In 1990, a massive earthquake hit Baguio City in the Philippines. Ten-year-old Sef Gonzales tried to flee the crumbling hotel that was owned by his family, but his foot got trapped amongst the rubble. On hearing his son’s cries, Teddy Gonzales bravely rushed back in and pulled his son to safety, saving his life. Later, he and his family emigrated to Australia.
One wintry evening in July 2001 in North Ryde, New South Wales, 21-year-old Sef Gonzales had gone home shortly before midnight after dinner with a friend. As he entered the front door of his affluent suburban home, he found his father Teddy, mother Mary Loiva Josephine and teenage sister Clodine in a pool of blood covered with multiple stab wounds. On the wall of the living room were the words “F*** OFF ASIANS. KKK” scrawled in spray paint. Sef dialled Triple Zero crying into the phone, “My family’s been killed.”
It seemed racism was the primary motive for the killings. He later told his neighbours that he tried unsuccessfully to resuscitate his family, but the authorities found this puzzling. There was barely any blood on him – save for some on the soles of his shoes and a few spots on his trousers – when the police and the ambulance arrived a few minutes later.
Gonzales showed no signs of distress and never described how he felt to the authorities. In a soft voice, he merely described how he had found the bodies and appeared strangely calm throughout the various police examinations.
On the day of the funeral, as the bodies of his family lay in their caskets, his family and friends felt an eerie chill. As Gonzales delivered the eulogy for his father, he closed his eyes and began singing the Mariah Carey, Boyz II Men duet, One Sweet Day without any music accompaniment.
Gonzales had a sweet and innocent face, but by all accounts, his life was controlled by his close-knit Filipino family and devout Catholic upbringing. The pent-up tension was starting to take its toll on the young man. A few months before the murders, his family had threatened to disown him. He was also about to be expelled from his second attempt at a degree due to bad grades.
Reports also emerged that a neighbour had seen him on the night of the murders, fleeing the house around 7pm. Police theorised that he did this to clean himself and to get rid of the two kitchen knives, the murder weapons. He told his dinner companion that he was out all day driving around Blacktown, searching for his friend’s house. Little did he know that both his father’s client as well as his aunt had seen his green Ford Festiva in the driveway of his house earlier that day, destroying his alibi and arousing the suspicion of the authorities.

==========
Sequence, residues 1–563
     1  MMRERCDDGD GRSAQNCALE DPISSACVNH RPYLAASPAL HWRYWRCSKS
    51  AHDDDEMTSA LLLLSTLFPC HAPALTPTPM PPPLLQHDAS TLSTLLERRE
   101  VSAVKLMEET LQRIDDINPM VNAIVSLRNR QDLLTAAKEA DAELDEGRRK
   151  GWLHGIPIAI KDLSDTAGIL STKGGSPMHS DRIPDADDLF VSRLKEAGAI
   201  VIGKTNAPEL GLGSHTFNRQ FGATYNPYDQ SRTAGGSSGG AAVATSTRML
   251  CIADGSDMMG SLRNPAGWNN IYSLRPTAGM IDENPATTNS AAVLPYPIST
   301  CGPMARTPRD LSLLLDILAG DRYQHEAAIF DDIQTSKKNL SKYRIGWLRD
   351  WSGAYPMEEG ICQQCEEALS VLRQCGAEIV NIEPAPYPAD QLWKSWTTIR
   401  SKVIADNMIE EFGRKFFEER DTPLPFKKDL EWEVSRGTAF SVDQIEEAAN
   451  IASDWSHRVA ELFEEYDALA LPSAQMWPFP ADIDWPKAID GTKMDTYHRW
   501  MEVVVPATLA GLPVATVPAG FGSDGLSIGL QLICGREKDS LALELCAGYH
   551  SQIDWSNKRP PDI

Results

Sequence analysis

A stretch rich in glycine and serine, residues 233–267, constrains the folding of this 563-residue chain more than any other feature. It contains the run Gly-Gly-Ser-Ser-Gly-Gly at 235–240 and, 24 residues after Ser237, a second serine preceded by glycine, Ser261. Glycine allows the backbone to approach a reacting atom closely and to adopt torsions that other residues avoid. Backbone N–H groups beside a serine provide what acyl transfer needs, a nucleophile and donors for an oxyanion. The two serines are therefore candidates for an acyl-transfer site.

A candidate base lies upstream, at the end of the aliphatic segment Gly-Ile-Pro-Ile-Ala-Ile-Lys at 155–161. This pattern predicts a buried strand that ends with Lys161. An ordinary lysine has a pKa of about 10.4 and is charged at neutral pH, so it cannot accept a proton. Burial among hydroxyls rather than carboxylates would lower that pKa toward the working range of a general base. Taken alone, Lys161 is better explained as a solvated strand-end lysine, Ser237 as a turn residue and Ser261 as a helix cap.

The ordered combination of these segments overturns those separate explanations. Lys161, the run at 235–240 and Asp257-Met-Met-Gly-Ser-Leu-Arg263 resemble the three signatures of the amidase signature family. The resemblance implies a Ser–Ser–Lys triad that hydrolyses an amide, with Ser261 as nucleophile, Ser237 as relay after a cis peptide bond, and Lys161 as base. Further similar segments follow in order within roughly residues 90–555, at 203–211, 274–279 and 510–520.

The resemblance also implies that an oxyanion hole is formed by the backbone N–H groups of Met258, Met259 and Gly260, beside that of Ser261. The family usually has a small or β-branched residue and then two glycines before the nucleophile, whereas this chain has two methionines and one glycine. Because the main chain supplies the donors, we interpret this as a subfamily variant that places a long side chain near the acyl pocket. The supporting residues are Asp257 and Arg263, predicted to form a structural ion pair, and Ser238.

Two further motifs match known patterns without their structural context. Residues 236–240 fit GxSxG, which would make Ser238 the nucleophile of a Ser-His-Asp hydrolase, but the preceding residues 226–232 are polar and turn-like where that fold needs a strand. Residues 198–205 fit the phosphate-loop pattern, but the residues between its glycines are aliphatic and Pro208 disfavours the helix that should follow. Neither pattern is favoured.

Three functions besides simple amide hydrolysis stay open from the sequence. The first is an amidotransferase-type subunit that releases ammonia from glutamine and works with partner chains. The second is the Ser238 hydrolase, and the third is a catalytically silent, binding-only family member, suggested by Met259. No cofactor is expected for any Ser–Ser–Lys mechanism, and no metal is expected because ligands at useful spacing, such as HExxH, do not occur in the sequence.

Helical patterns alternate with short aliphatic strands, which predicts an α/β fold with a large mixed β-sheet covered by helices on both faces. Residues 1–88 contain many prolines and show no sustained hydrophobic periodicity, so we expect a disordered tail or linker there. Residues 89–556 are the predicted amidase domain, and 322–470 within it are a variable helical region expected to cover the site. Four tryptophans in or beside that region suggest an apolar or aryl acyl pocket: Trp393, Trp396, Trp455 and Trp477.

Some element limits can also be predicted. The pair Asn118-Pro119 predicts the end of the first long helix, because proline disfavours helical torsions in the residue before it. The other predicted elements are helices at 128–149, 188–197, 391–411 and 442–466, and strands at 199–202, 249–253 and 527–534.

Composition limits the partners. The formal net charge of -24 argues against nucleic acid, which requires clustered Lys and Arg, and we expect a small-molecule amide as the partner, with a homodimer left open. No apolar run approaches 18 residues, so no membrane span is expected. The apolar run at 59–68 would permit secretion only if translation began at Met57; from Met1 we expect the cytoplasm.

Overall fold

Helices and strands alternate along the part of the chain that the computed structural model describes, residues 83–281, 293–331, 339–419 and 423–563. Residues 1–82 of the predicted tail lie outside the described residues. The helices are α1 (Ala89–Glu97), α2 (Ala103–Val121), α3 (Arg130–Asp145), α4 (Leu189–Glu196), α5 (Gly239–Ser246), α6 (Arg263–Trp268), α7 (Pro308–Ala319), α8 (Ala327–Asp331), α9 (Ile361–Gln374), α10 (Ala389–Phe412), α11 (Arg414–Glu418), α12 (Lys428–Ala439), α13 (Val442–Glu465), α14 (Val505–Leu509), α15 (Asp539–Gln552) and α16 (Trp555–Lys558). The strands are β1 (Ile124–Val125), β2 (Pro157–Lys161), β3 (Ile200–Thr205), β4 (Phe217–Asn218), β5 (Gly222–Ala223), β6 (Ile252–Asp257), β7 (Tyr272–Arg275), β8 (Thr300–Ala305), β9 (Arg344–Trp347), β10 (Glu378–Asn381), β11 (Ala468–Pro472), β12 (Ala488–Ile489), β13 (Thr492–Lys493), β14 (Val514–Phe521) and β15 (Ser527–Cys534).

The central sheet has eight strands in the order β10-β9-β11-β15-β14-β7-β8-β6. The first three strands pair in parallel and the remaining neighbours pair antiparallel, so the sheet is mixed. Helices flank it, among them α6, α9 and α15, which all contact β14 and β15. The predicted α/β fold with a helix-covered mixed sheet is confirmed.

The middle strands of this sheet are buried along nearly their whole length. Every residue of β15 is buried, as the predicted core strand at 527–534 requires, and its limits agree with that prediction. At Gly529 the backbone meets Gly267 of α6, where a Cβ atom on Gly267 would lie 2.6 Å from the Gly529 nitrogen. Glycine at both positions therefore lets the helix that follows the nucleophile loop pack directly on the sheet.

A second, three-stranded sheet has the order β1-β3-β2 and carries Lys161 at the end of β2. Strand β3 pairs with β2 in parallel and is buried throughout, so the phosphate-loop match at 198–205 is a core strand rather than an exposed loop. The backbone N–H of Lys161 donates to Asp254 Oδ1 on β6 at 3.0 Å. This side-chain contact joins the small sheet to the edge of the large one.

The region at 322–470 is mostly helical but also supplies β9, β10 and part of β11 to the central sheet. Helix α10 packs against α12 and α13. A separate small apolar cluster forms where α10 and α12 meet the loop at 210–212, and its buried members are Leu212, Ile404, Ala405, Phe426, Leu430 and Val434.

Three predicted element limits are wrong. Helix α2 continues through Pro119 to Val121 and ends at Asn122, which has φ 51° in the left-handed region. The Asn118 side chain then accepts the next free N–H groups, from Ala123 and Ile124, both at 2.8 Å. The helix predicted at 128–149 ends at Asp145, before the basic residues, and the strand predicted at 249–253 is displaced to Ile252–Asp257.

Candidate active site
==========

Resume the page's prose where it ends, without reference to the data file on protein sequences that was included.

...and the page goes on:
Shortly after the murders, the Sydney Morning Herald reported that Gonzales had placed deposits on luxury cars and moved into a fancy apartment in Chatswood. He even advertised to sell his parents’ cars, without asking permission from his grandparents, suspicious behaviour for a grieving son. The police discovered that Gonzales had been planning to kill his family for some time. He had been extensively researching the Internet for poisonous plants and had tried unsuccessfully to poison his mother earlier that year.
Following his trial, Gonzales, dubbed the “Baby-Faced Killer”, was given three life sentences in 2004 for the murder of his father, mother and sister. Murdering his entire family − that was how Gonzales had repaid his father for saving his life, all those years ago.
The Expert Opinion
“There are expressive and instrumental motives when it comes to murder. The expressive motives are basically due to uncontrolled and volatile emotions while the instrumental motives are due to some benefits or gains. In some cases, it can be a mixture of both with one leading to another. Sef’s case has a “planned” element, a key sign of an instrumental motive,” says Dr Mohammad Rahim Kamaluddin, Criminologist, Faculty of Social Sciences and Humanities, Universiti Kebangsaan Malaysia.